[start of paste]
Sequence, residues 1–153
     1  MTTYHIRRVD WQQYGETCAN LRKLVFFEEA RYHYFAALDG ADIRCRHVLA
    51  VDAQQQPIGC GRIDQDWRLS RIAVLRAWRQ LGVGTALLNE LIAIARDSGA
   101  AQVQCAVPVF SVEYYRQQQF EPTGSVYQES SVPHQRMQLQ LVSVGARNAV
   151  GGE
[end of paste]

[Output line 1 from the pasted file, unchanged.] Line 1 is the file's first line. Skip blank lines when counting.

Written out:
Sequence, residues 1–153